It seems like talking about batting should be stress-free. Its whole purpose is to soften and make things comfortable, after all. However, picking the best one for your project might be quite difficult. There are many different brands, concerned with fiber composition and loft, cotton against polyester, and much more. After learning how to big stitch quilt, now move next to choose the batting. Fortunately, these hints provide you with the knowledge you need to master the batting aisle.
Choose the Size of the Purchase
For the regular crib, twin, full, queen, and king-size quilts, batting is bundled; however, you may also purchase it by the bolt in any custom size that you need. In order to use this option, you must either have it cut to your specific size in the shop or at home by yourself. Off-the-bolt may, although requiring an additional step, end up being a more cost-effective (and practical) option if you quilt a lot.
Examine the fiber content
Wool, silk, bamboo, or a poly-cotton mix are all acceptable materials for quilt batting, but cotton or polyester is the most popular choice. Additionally, batting is available in organic (preferred for baby quilts) and recycled fiber combinations.
The good news is that there isn’t really a right or wrong answer since fiber is primarily about personal preference. But there are certain aspects to take into account. All battings—including those made of cotton, wool, silk, and bamboo—shrink to some extent; the box will indicate how much. (For this reason, while making a quilt sandwich, you want it to be a little bigger than the quilt top.)
The most affordable alternative is cotton, which is also the most comfortable. You may be surprised by its considerable weight. Wool and silk are ideal materials for summer quilts since they are lightweight and breathable. In the center is bamboo, which is still breathable but heavier than wool or silk and lighter than cotton.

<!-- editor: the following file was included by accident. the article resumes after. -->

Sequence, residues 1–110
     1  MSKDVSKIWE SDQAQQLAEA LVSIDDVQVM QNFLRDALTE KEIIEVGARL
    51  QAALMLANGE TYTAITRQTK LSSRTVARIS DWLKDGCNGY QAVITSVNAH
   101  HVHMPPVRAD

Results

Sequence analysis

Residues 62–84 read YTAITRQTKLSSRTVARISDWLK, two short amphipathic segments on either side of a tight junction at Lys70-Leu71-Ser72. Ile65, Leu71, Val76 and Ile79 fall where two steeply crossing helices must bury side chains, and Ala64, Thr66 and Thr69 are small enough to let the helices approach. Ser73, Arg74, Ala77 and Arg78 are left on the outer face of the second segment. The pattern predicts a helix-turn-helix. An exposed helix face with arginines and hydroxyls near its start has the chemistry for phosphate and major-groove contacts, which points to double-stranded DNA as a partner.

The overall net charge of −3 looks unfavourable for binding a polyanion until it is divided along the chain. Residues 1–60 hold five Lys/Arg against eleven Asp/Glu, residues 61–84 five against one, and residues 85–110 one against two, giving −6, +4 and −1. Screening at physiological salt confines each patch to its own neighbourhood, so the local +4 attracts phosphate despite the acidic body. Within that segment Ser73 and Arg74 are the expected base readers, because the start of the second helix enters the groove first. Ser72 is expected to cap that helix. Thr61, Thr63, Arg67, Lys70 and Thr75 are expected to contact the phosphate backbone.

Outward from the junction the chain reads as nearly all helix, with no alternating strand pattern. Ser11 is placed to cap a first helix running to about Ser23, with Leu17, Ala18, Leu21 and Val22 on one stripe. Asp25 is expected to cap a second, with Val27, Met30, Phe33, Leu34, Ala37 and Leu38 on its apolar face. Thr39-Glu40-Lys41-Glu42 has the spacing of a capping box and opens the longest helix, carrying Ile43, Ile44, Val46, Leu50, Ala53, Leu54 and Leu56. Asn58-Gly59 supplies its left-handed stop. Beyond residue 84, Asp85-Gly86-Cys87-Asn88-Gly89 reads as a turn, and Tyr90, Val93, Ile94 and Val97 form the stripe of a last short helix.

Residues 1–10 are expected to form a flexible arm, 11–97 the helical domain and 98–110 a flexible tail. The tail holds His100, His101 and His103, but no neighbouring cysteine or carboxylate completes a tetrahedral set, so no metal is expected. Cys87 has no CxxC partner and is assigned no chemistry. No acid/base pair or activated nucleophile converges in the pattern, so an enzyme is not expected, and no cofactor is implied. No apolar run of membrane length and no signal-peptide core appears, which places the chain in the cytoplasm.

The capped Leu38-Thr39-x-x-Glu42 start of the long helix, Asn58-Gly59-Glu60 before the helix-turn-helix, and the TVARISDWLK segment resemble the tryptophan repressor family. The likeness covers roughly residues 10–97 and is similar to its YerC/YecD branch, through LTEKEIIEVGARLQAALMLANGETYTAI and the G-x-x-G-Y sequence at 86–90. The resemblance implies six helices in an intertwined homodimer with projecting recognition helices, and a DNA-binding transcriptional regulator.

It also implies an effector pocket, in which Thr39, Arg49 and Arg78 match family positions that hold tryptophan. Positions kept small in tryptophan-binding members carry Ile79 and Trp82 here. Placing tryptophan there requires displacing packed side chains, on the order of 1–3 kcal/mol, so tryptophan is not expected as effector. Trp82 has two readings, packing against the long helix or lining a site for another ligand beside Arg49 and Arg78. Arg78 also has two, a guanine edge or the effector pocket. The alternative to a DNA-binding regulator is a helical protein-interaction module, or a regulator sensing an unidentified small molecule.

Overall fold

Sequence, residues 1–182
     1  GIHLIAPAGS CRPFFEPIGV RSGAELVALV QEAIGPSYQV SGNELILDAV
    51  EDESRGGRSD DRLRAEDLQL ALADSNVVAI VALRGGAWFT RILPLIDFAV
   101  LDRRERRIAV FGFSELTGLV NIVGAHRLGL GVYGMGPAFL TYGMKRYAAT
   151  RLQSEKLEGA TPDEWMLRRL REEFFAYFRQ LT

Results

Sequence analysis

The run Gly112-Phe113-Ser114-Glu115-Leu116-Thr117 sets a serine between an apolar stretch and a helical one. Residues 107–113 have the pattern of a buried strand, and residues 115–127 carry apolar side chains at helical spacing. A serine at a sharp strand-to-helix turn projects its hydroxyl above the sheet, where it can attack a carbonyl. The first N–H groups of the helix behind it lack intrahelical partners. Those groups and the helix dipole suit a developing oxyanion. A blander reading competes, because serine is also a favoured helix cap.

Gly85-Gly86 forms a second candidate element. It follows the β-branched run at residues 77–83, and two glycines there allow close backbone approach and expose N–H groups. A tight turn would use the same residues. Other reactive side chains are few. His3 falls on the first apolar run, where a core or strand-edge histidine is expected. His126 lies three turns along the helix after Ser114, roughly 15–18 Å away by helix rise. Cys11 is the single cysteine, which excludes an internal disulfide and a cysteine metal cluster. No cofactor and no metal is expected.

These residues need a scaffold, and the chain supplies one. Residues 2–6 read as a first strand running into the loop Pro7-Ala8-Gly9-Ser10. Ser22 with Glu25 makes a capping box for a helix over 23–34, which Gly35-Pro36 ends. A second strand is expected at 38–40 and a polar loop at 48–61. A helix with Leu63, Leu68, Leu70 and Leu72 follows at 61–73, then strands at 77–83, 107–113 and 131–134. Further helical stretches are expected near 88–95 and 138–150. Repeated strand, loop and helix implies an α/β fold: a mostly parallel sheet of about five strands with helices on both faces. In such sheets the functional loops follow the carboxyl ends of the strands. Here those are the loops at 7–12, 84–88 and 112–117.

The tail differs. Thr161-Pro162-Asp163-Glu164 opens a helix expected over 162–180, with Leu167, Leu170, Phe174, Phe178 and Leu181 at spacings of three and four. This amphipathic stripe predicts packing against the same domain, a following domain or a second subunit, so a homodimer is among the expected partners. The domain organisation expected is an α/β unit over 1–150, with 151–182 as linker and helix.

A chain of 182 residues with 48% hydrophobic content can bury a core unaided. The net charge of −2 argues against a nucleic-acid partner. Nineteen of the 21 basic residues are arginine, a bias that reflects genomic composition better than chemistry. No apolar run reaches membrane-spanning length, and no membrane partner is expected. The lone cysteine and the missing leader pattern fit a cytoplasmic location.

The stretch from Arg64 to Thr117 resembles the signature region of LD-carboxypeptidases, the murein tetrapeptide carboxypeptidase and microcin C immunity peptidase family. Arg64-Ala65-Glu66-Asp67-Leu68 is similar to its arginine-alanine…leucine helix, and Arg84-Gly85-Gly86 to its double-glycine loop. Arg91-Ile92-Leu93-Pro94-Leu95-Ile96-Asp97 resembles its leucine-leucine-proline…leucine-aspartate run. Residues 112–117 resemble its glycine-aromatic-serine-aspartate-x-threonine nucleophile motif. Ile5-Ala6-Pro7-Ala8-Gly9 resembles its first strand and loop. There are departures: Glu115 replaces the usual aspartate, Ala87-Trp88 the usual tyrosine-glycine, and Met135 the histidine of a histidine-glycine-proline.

Examine the Loft
The loft is just another word for thickness. The lines of your quilting will be easier to see and the quilt will be puffier overall if you use high-loft batting. If you like to highlight the piecing over the actual quilting lines, low-loft batting produces a flatter finish.
Consider your device
Practically any batting you can purchase may be used on professional longarm quilting machines. However, if you’re using a home sewing machine, you may find that the lower loft is simpler to work with – particularly if your project is rather big. It might be difficult to get your basted quilt through the neck of your machine because of the thickness of huge batting cuts and heavier loft, and doing so is asking for trouble.
Pick Scrim if you want stability
A thin layer or grid of woven fibers that are added to certain cotton battings is known as a “scrim.” While quilting, it serves as a stabilizer and aids in keeping the batting together. If you’re just starting off or want a pattern with broader space between quilting lines, this might be an excellent safety measure. Keep your quilting lines near together if you use cotton batting without scrim to prevent fiber separation after washing.
Know how to bond and beard
A form of glue or bonding adhesive is included in bonded quilt battings, which means washing the quilt may cause the batting to loosen. To ensure that your quilt lasts for a long time, this often calls for tight quilting lines.
Thermal and resin bonding are the two forms. By first putting a thin layer of low-melt polyester scrim and then heating it, thermal bonding is created. On each side of the batting, a thin barrier is created by the low-melting polyester melting and melting. A glue-like solution is applied to both sides of the batting to create resin bonding, which helps keep all the fibers together.
Bearding is the term for droopy strands that ultimately leak through the top of the quilt and should be avoided. This shedding is highly bothersome, which is an excellent reason to start off with high-quality quilt batting.
Coordination of hues
Black, bleached, and natural batting are available. Generally speaking, natural batting should be used in extremely light quilts, bleached batting in quilts with a predominance of white or medium-value colors, and black batting in quilts with a predominance of dark colors. Any bearding will be concealed in this way.
There are several factors to take into account while selecting batting, but in the end, it comes down to personal choice. Do your homework, decide how you want your quilt to feel and look, and you’ll have a lovely project.